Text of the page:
If you’re of a certain age, you probably remember the old “4/40” system for keeping cool while driving in the summer months. Driving around at around 40 miles per hour with all four windows down got the air moving in the torrid heat of a Southern summer, and provided a welcome escape for generations of Mississippians.
While most of us consider air conditioning to be a necessity in our vehicles, it wasn’t always so. Early automobiles were uncooled, even as the new air-conditioning systems (if you could afford them) made homes and businesses feel like a crisp March morning even in the dog days of August. In 1933, Popular Science reported that a New York company had installed an air conditioning unit in a commercially available vehicle for the first time.
Although not commercially successful at first because of the unwieldy equipment required, cost and danger of carbon monoxide poisoning, the idea took off, and the technology made steady improvements. In the years after, Packard and Cadillac experimented with various technologies. But in 1953, the new Chrysler Imperial featured an optional air conditioning that would be recognizable as a modern system.
Since then, many more innovations have made air conditioning a staple on most vehicles. But many drivers still are probably not getting the most effective use of it. Recently, Consumer Reports’ Patrick Olsen wrote a great column with five tips:
Don’t pre-cool. Olsen explains that your car’s air conditioning works much better when you’re actually driving, because the faster the engine turns, the faster the compressor runs, which lets the system cool more effectively. Don’t waste time and gas by letting your car run before you go.
“If the interior is really hot, crank up the fan when you start driving, and open just the rear windows for 10 to 20 seconds,” Olsen advises. “This forces all the hot air out of the cabin. Don’t open the front windows — that only moves the heat out of the front of the car, and it will leave the air in the back of the cabin hot and stagnant.”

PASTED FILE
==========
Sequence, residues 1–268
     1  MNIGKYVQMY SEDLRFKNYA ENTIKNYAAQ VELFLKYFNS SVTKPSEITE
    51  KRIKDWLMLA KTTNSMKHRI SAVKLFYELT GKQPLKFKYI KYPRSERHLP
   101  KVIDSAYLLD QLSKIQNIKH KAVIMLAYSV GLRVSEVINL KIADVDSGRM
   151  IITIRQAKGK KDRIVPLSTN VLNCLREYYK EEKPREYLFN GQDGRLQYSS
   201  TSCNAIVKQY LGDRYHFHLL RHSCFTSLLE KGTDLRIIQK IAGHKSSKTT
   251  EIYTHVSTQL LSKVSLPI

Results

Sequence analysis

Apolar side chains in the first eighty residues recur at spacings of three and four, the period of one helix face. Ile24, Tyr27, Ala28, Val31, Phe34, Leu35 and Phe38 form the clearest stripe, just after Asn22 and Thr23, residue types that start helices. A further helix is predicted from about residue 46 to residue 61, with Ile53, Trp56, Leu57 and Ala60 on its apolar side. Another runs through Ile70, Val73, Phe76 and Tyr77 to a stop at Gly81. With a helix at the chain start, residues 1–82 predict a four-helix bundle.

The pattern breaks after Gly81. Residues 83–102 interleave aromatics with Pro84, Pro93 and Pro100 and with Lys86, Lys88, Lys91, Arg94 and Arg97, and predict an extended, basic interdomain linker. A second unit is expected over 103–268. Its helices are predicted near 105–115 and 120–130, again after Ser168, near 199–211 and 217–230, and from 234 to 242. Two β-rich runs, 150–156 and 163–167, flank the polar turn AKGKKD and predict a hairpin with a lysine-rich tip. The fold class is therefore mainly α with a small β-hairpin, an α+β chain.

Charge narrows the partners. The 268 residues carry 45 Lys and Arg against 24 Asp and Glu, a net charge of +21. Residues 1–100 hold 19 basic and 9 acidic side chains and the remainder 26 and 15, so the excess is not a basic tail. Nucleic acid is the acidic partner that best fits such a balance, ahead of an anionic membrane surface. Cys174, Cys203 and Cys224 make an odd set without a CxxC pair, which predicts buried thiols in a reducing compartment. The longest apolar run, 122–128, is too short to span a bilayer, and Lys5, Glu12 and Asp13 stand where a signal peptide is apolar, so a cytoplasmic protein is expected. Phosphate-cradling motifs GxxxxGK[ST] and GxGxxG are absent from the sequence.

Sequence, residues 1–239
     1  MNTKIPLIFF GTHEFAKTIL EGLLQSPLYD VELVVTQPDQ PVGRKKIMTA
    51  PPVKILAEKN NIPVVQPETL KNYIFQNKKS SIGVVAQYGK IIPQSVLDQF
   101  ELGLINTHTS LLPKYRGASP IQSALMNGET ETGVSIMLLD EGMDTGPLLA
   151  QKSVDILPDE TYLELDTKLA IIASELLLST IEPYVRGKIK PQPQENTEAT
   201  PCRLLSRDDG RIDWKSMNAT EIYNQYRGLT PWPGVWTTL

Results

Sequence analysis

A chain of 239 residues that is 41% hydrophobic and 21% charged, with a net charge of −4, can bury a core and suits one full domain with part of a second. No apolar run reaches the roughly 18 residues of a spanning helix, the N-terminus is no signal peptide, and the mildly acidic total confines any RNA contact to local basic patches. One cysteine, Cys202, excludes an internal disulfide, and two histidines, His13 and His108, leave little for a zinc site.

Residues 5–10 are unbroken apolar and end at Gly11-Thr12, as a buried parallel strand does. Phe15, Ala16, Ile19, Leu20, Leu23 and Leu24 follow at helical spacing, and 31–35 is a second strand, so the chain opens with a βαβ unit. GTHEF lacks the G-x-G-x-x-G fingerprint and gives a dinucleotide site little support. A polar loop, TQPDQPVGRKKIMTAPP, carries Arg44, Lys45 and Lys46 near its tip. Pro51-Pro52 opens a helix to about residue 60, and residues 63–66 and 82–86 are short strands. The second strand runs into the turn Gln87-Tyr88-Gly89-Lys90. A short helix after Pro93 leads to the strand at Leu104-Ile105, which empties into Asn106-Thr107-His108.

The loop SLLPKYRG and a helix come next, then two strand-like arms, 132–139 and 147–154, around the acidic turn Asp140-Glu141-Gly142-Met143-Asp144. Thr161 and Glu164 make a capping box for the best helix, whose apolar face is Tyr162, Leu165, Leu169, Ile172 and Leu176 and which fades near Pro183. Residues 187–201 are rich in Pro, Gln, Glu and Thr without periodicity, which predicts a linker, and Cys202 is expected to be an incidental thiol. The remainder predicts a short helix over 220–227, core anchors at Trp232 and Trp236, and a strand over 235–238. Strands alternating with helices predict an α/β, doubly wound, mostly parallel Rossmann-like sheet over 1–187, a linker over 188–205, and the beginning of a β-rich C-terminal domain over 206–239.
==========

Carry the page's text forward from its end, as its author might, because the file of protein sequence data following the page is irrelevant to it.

Go low. Since most vehicle air-conditioning systems cool the air to about 38 degrees, if you set the temperature higher, you can be making the system work harder since it must re-heat the air. Olsen advises setting the temp to the lowest setting, then using the fans to adjust the temperature.
Don’t recirculate. Most cars have a “recirculate” button, which takes air from the front of the cabin and pulls it back through the system. But while using this feature might make the driver and front-seat passengers comfortable, it can make rear-seat passengers hotter.
Turn off stop/start mode. Some newer vehicles have a system that stops the engine when idling, to cut down on fuel use and emissions. Olsen suggests turning it off, because it can make the compressor stop running, making your car hotter when stopped or in stop-and-go traffic.
Clean the filter. A dirty cabin air filter (just like the one in your house) can reduce the efficiency of your system and make it work harder. If your filter is easily accessible, clean it often.
And as for the age-old debate about whether using the air conditioner uses more gas than riding with the windows open, most expert sites I consulted noted, “it depends.”
Conventional wisdom says the air conditioner uses more gas, and that’s usually true. Car and Driver did a study in 2008 in which they tested this theory and recommended turning the air conditioner off and opening the windows (at lower speeds) to save a few miles per gallon. But at higher speeds, the engine is running faster, making the air-conditioning system use less fuel. Automotive site Edmunds.com notes, “in our experience, it’s not worth the argument because you won’t save a lot of gas either way. So just do what’s comfortable.”